Unemployment remains unacceptably high in Nuba Mountains, Darfur, Blue Nile, and South Sudan in the absence of a vibrant private sector. Over 95% of youth, who constitute an overwhelming majority of the country’s population, are without formal employment.
The impact of a robust and healthy Micro, Small and Medium Enterprises (MSMEs) sector goes beyond wage creation – as such businesses generate a broader ecosystem of employment and opportunities for poor, low-skilled workers and have broader social impacts, such as access to health care, improved housing, and education.
By providing viable income-generating alternatives to armed or criminal activities, entrepreneurship and enterprise development can contribute to sustainable peace in communities affected by conflict.
We improve productivity and efficiency through capacity enhancements in daily production, poultry production, supply industry, general trade, construction, and others.
We established and are implementing a robust entrepreneurship development programs that provides creative interventions that adopted attitudinal and behavioral mind set change approach to entrepreneurship.
Given the unique development context where the vast majority of the people are yet not exposed to the attitudinal and behavioral mindset which is a precondition for entrepreneurship development, our model offers to be a practical and viable strategy.
The coordinated and program package comprises of:
Entrepreneurial and management skills development.
Education and training courses.
Follow ups and customized business advisory services for enterprise establishment.
This project brings about a transformational change in the empowerment of the youth and women for self-sufficiency.
People are drawn form a wide-ranging selection of business sectors including vegetable and poultry farming, hairdressing, tailoring, construction, transportation, IT services, engineering, public services, printing and photocopying, logistics, and catering.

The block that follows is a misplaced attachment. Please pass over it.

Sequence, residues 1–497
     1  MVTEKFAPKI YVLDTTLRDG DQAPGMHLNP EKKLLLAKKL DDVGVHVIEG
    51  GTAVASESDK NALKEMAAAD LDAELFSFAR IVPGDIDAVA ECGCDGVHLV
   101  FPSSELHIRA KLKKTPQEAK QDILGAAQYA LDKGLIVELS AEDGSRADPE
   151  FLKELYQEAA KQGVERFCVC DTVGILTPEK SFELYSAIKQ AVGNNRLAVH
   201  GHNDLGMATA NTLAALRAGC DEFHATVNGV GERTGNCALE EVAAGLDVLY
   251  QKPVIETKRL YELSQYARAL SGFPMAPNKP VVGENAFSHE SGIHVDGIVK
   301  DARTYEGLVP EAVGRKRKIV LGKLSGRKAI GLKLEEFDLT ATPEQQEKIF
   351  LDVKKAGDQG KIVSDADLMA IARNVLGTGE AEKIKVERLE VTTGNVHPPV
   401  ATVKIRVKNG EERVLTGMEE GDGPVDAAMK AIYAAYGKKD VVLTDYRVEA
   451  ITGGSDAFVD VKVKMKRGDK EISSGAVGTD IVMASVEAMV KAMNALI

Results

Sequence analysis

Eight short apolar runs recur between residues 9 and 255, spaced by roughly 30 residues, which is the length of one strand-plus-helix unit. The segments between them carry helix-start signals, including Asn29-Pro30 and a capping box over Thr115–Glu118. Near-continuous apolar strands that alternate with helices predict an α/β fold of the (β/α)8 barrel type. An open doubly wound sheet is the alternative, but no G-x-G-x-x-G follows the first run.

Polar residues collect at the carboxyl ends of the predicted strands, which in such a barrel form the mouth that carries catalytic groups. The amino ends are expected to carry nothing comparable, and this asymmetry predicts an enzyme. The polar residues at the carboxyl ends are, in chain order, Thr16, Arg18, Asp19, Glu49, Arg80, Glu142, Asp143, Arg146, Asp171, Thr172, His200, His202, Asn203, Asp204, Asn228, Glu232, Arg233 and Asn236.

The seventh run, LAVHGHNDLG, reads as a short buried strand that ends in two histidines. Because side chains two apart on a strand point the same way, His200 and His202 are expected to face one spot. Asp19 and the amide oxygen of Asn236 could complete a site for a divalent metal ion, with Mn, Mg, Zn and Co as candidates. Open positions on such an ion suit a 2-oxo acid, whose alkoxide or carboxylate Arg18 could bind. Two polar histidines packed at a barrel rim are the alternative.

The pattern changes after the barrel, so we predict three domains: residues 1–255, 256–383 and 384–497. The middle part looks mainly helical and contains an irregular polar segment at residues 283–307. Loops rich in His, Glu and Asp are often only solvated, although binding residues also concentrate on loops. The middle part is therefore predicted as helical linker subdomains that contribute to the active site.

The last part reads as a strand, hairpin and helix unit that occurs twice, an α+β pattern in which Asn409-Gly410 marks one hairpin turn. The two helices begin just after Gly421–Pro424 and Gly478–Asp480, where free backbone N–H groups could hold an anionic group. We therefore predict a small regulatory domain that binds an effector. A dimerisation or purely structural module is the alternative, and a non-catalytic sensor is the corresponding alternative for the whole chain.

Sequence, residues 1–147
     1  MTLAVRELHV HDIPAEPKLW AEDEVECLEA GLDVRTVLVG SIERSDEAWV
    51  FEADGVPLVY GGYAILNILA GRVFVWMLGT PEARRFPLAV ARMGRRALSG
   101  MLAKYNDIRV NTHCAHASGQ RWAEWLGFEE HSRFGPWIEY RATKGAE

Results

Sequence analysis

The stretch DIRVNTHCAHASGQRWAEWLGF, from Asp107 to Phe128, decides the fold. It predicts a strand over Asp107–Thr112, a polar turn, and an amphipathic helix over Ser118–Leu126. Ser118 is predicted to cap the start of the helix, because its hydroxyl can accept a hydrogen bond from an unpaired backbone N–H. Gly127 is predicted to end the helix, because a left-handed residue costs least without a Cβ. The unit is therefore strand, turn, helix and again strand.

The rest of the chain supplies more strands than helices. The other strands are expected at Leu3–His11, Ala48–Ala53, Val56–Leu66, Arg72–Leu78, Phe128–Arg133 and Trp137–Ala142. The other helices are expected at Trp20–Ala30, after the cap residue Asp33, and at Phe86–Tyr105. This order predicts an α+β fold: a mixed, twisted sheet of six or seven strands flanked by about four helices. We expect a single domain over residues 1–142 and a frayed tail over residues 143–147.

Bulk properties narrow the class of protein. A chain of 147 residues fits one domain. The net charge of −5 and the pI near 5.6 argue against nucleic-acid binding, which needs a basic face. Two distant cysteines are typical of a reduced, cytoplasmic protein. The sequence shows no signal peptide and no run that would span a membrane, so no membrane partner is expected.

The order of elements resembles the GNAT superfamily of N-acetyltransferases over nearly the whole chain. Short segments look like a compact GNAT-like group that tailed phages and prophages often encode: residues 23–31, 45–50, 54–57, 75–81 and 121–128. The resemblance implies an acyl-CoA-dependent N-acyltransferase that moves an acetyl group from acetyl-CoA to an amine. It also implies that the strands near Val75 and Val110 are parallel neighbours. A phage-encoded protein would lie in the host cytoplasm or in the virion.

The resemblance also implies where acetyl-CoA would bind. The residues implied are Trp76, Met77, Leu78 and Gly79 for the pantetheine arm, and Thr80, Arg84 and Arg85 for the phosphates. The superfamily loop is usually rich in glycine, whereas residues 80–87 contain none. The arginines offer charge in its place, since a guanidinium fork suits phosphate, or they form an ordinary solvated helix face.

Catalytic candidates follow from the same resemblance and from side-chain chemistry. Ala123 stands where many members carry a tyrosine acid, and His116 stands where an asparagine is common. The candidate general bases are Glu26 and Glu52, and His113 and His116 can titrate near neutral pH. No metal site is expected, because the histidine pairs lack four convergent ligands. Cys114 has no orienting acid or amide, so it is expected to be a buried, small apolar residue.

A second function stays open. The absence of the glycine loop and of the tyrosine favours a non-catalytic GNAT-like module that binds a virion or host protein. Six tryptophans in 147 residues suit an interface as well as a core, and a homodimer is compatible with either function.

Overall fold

Since the program is an experiential sharing program, it is imperative to facilitate learning by sharing experiences between more experienced entrepreneurs in the Small and Medium size sector and the Micro and Small sector. Participation of aspiring and/or women entrepreneurs in the training is encouraged.
Daniel Kunda, an 18-year old former child soldier, lost both his parents to the conflict. He came to the refugee camp with his seven siblings he now has to raise alone. “Life was extremely hard when we got here. Luckily, I joined the entrepreneurship program and now have some money from my business that I started”, Kunda shares.
He adds, “The profit is enough to sustain my siblings by providing their most important needs such as sanitary pads, slippers and clothes.”
26-year-old Kodi Bulu also joined the program among resourceful entrepreneurs who are helping themselves rise from their situation. Bulu opted to buy and sell fresh vegetables. His grocery shop is full of fresh cabbages, onions and potatoes. He grows some of the onions he sells while the rest of the merchandise he buys from the local market.
His profit has enabled him to enroll four of his siblings at a local secondary school. They are also able to buy basic scholastic materials and pay schools fees.